July used to be the dead month for Des Moines fine arts. Not any more. This year the kind of big brilliant shows that galleries used to hold back until autumn are opening this month at four different venues.
Travis Rice’s exhibition “Contamination” is the largest one person show ever at Moberg Gallery, taking up the entire gallery plus an outdoor wall. It’s inspired by a 1980 Italian cult film of the same name. That sci fi classic was about alcoholism, green eggs and coffee with the green eggs plotting to take over the world. I don’t make this stuff up. You can leave all expectations at the door of the exhibition.
“I’ve always had issues with germs and bacteria. I became interested in the way they move and multiply. I observed some bacteria that expanded into aerial routes, detracting and retracting to new hosts. That’s the way they are. That’s what I tried to capture in my prints, then in the paintings. Those are my ideas about what a 3D diagram of a sneeze might look like,” Rice explained.
Rice’s meditations on bacterial growth also include neon sculptures, 3D paintings, video monitors,
James Ellwanger’s new exhibition “41 degrees N / 93 degrees W” presents a series a ten portraits of Des Moines. Each composition is printed on four layers of Plexiglas stacked on top of each other. The background prints are satellite photos of Des Moines while the top three layers consist of various images within the satellite photo. Each set of prints is made in an edition of five and many have already been sold.
Ellwanger will also be showing a series of sculptures he’s been making out of motorcycle parts. Each portrays an animal, complete with a taxidermy tick bird. “I like to think about what it might be like some day when our pets are all robots. Plus it’s a lot of fun to work with motorcycle parts,” he said. The show begins July 28 and runs two months in the former Fitch Gallery, at 304 15th St..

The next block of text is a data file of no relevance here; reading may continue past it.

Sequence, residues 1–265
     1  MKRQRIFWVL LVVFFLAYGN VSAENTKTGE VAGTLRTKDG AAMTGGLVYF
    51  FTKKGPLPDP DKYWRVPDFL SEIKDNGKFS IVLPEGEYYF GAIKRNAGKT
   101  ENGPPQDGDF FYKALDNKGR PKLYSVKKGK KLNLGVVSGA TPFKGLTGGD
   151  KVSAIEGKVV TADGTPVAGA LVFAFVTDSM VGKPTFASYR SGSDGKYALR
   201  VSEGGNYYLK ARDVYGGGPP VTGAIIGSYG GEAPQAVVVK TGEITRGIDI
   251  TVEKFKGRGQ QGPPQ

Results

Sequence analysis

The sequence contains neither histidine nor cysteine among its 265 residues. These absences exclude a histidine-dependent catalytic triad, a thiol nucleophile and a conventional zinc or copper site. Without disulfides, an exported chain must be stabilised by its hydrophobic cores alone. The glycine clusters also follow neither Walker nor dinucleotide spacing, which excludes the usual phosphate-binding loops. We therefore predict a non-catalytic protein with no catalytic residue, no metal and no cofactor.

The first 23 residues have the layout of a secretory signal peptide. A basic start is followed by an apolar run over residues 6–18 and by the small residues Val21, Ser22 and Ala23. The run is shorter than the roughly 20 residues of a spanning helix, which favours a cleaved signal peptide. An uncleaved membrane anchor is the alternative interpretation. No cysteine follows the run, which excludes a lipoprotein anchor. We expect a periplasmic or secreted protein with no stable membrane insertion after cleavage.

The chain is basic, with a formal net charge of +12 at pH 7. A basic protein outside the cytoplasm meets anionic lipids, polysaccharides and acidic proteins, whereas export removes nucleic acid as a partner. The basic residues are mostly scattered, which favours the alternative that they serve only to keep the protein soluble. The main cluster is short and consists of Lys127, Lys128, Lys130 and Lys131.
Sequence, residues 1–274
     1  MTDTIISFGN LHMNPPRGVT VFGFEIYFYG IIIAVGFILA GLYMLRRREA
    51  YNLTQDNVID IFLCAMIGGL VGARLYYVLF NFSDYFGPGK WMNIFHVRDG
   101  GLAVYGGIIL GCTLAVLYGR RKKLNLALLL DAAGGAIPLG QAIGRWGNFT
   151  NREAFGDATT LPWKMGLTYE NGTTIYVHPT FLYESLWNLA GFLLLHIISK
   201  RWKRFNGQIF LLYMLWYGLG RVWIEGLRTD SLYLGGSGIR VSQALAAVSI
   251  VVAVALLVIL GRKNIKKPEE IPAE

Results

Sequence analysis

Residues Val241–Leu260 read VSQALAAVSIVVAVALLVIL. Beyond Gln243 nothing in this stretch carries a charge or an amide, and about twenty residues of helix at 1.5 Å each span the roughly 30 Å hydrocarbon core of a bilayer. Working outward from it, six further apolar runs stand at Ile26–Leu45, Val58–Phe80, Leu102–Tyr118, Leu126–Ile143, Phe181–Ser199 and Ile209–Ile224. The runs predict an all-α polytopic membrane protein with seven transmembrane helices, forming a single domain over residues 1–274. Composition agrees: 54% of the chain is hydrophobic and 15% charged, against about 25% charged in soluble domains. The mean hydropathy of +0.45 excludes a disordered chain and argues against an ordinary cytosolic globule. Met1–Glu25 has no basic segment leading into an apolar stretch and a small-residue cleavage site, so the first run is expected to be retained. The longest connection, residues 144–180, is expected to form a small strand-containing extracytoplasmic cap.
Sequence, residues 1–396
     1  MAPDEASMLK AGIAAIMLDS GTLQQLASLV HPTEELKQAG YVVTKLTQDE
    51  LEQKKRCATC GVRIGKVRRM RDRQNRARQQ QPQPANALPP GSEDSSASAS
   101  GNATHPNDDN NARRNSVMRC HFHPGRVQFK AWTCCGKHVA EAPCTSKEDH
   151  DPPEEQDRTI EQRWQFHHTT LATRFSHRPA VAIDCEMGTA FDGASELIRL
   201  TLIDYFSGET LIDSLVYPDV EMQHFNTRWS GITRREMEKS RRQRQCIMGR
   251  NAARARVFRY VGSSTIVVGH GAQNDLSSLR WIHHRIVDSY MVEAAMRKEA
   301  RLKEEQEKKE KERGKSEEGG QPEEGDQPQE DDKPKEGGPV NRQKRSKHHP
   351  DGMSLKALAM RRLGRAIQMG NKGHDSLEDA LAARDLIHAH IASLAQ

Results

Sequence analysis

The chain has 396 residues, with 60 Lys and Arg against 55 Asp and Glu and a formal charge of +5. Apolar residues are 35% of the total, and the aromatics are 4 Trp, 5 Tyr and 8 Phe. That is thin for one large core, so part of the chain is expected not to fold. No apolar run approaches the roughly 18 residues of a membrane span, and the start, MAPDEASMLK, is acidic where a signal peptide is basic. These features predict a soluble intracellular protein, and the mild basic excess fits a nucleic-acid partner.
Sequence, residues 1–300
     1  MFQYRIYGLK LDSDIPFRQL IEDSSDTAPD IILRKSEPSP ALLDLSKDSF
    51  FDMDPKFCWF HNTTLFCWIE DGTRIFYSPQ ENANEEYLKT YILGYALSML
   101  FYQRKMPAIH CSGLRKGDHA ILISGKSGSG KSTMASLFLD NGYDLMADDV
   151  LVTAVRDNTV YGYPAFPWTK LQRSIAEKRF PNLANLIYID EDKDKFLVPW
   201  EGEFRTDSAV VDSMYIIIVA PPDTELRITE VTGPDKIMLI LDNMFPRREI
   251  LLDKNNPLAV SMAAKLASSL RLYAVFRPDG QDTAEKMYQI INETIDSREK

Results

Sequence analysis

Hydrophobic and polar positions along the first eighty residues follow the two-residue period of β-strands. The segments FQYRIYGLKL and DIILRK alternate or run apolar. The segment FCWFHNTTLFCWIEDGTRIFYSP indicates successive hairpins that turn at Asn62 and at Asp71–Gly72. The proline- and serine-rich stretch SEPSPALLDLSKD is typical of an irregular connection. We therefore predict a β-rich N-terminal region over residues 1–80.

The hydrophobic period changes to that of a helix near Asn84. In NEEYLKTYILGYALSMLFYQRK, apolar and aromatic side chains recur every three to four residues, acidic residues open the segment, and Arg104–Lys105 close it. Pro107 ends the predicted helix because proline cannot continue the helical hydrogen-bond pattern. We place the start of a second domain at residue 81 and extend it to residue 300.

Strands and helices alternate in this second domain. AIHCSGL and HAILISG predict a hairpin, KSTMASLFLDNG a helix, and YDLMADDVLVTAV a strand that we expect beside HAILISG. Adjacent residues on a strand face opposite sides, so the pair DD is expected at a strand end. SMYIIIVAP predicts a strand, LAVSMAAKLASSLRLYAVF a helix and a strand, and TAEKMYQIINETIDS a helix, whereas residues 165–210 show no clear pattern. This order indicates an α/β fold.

Steven Vail Fine Arts’ new exhibition also opens July 28 and studies “Selective Color” in printmaking. Artists come from five different countries and use minimal color for dramatic effect in reductive art. Works range from figural to virtual abstraction and include Eric Fischl, Donald Sultan, Carlos Amorales, Robert Cottingham and seven others.
Vail quoted Alberto Giacometti while explaining the inspiration for the show. “My colleagues admonish me, ‘paint with more color,’ Isn’t grey a color too? If I see everything in grey and if within that grey I see all colors that impress me and that I would like to convey, why should I use another color?”
Works range from a screen print with flockings from Sultan’s seminal Poppies series to black on black etchings of butterflies from Amorales. The exhibition has already attracted interest from the New York City art media. One national writer expressed hope it would travel to the Big Apple.
Olson-Larsen Galleries opens “Three Takes on Photography” demonstrating different approaches by Peter Feldstein, David Ottenstein, and Dan Powell. Feldstein uses cliché verre, a technique first practiced in the 19th century, applying ink and paint to glass, film, or translucent paper by etching, rubbing and daubing. He then scans his "positive" and manipulates it digitally. Ottenstein presents new prints from travels through Iowa and the West. Powell’s hand-manipulated photographs feature out of focus objects blended with unusual scenes, enhanced by bleaching, toning and the application of pencil and oil paint. This show runs through September 3.